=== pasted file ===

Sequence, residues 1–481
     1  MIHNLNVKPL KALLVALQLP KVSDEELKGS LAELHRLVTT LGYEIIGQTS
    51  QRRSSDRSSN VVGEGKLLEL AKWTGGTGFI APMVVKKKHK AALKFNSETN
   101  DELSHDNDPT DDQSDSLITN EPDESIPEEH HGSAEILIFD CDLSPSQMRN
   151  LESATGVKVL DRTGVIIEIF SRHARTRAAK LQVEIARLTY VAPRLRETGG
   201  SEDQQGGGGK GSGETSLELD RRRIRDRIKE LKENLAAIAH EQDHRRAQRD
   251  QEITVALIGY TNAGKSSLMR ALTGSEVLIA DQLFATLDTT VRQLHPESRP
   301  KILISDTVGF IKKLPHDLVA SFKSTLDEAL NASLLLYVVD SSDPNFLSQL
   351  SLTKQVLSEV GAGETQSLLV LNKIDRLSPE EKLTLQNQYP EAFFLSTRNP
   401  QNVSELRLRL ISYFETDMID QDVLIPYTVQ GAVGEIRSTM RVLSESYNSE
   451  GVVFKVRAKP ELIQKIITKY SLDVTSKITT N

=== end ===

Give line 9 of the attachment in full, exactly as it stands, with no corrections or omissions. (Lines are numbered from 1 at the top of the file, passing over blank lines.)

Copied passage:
   351  SLTKQVLSEV GAGETQSLLV LNKIDRLSPE EKLTLQNQYP EAFFLSTRNP